Consumer adoption of 4K-ready TVs are at the nascent stage, but 3net has enough confidence in the budding Ultra HD market that it expects to vastly expand its 4K output in 2014, according to Tom Cosgrove, the president and CEO of the Sony, Imax, and Discovery Communications joint venture.
“We’re prepared to do upwards of 80 hours of content next year,” likely specials and series in the non-fiction category, Cosgrove (pictured above) said in a recent interview. He acknowledged that the final total is a “bit of an open-ended question” and will be determined by how quickly the 4K market moves throughout the year. But 80 hours “is probably the upper end of what we’ll be looking to do in 2014,” he said.
3net’s first 4K project is Space:Unraveling the Universe, a three part-series that is just wrapping production (see image at left). Among other titles in the works for 2014 include a series called Flight 4K.
3net has aligned its production strategy around what it calls “Total D,” meaning it shoots everything in 3D/4K, but can convert those shows into other formats, including 2D, traditional high-definition, as well as standard-definition.
Cosgrove said 3net is already marketing the Space series to potential distributors, and will offer an “institutional theatrical version” that could be used by museums.
“We’re seeing a real interest for it across the board,” Cosgrove said of the Space series. “We’ve been talking to everyone who’s out there looking at 4K.”
That, of course, includes 3net’s current roster of pay-TV and over-the-top video service providers. In the U.S, that list includes Comcast, Service Electric Cablevision, Google Fiber, DirecTV and Netflix. Among them, Netflix has already confirmed that it plans to roll out a 4K offering sometime in 2014, and that the initial 4K streaming catalog will include season 2 of original hit series House of Cards. Cosgrove wouldn’t say if Netflix has already agreed to distribute 3net’s 4K offerings.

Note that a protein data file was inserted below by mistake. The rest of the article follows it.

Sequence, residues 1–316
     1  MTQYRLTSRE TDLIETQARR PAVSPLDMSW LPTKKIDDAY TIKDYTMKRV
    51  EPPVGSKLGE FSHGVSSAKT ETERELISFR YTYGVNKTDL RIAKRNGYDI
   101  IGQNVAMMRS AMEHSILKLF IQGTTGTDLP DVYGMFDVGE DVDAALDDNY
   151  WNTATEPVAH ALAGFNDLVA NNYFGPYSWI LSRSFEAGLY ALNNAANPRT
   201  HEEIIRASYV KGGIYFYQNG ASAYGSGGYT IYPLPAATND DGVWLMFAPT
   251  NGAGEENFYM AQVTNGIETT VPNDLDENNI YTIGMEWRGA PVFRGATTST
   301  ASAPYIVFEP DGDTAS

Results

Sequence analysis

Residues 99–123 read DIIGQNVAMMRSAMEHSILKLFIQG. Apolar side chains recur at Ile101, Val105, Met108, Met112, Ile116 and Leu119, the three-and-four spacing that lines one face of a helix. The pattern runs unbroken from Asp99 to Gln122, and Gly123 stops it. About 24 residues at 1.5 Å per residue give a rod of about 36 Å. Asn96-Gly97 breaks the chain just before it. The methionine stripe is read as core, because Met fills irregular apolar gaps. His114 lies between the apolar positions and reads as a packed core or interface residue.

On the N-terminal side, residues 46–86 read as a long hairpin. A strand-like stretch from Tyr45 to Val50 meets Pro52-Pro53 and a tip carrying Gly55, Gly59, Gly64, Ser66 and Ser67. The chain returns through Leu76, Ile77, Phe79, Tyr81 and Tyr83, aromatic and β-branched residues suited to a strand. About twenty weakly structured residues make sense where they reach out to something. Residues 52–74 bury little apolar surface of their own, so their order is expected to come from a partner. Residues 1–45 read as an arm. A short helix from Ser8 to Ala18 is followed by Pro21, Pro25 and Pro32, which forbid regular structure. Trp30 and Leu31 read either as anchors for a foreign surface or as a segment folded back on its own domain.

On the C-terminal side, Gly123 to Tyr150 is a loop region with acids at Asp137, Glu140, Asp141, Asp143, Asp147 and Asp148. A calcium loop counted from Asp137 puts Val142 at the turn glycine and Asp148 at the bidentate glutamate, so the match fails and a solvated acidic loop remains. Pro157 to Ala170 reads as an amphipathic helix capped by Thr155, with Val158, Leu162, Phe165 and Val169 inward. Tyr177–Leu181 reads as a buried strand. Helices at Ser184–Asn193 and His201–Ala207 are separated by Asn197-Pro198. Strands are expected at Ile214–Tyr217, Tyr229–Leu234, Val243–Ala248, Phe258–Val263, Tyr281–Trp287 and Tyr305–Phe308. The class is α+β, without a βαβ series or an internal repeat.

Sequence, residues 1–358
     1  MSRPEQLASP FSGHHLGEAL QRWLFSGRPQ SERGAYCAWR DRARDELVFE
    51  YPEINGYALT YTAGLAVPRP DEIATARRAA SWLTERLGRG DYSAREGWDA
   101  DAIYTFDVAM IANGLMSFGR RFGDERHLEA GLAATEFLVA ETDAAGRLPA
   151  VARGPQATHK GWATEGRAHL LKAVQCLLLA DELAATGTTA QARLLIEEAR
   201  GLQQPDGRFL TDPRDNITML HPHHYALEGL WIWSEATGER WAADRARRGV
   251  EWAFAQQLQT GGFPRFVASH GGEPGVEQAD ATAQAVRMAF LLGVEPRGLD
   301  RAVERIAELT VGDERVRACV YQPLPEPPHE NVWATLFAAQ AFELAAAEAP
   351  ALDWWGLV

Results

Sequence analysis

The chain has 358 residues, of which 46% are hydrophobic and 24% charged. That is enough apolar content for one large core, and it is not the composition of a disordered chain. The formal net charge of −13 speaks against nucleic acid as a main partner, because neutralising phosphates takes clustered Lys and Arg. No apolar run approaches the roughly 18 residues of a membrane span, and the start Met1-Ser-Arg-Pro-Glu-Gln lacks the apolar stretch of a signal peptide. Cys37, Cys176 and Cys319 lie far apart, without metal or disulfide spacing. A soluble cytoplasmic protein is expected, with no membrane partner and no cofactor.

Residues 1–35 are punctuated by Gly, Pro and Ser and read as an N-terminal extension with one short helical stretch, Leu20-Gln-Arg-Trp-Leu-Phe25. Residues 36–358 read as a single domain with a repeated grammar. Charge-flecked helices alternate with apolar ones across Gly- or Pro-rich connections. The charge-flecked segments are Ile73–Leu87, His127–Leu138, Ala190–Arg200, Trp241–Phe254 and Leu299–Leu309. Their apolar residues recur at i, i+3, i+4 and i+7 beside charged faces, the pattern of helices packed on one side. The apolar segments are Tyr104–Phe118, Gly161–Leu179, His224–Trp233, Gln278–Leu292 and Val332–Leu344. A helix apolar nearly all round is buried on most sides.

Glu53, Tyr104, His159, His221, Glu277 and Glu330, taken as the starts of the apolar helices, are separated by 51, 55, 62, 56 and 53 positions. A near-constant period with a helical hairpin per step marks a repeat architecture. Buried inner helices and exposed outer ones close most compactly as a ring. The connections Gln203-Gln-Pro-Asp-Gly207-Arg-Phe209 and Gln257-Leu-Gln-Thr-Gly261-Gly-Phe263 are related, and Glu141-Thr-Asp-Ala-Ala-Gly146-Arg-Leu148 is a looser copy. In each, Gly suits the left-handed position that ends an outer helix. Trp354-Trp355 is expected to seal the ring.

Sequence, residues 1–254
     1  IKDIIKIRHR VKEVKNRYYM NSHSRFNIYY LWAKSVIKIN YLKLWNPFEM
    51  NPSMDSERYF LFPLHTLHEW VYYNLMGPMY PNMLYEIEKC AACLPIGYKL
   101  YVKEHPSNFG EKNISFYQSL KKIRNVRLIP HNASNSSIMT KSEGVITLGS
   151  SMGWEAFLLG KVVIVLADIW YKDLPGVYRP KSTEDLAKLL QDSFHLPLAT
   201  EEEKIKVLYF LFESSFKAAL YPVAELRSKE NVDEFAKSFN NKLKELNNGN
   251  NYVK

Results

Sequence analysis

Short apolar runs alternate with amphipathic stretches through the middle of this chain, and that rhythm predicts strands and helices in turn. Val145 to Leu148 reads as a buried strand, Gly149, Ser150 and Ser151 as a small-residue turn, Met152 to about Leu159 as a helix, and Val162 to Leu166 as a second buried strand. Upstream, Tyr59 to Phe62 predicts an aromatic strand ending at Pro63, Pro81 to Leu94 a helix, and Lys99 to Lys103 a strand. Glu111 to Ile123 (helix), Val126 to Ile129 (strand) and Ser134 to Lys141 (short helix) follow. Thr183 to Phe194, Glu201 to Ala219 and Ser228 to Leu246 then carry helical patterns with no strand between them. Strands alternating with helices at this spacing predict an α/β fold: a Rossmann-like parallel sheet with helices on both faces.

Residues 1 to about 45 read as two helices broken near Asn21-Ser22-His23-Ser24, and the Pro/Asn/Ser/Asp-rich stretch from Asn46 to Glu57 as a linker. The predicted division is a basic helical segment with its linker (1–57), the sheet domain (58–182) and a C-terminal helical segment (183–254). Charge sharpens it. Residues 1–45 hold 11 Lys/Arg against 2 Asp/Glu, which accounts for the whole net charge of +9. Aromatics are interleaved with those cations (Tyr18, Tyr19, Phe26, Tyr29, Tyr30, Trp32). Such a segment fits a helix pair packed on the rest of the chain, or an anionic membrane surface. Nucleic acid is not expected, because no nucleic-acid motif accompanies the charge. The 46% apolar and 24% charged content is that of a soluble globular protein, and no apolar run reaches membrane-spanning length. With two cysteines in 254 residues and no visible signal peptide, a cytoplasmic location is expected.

Cosgrove said 3net decided to expand its 4K plans due to recent, increasing interest in the format as prices on 4K sets continue to drop. Six months ago, those talks tended to center around initial testing, “but it’s now started to become a more serious conversation,” he said. “It’s across the board on what that something is; it just depends on the market and who we’re talking to.”
Looking ahead, Cosgrove expects over-the-top video to serve as 4K’s content linchpin, in reference to examples that include Netflix’s 4K plans as well as Video Unlimited 4K, the proprietary video download service launched by Sony in the fall of 2013.
“Then, very quickly, we’ll see the satellite and cable guys come in as well,” predicted Cosgrove, who is scheduled to join a 4K panel at next month’s Consumer Electronics Show that will also feature Sony Pictures Technologies President Chris Cookson and Comcast EVP and CTO Tony Werner.
No U.S. pay-TV provider has yet to announce any 4K launch plans. Last month, DirecTV president and CEO Mike White told investors on the company’s third quarter earnings call that his company will be ready to go when the 4K market takes off, but admitted that it will involve a “very complex rollout.” But he said it would likely be 2015 or 2016 before he expects to see “any kind of material impact” from 4K.
Comcast, meanwhile, demonstrated its 4K technical readiness at last year’s Cable Show in Washington, D.C. CableLabs, the industry’s R&D arm, has several 4K projects underway.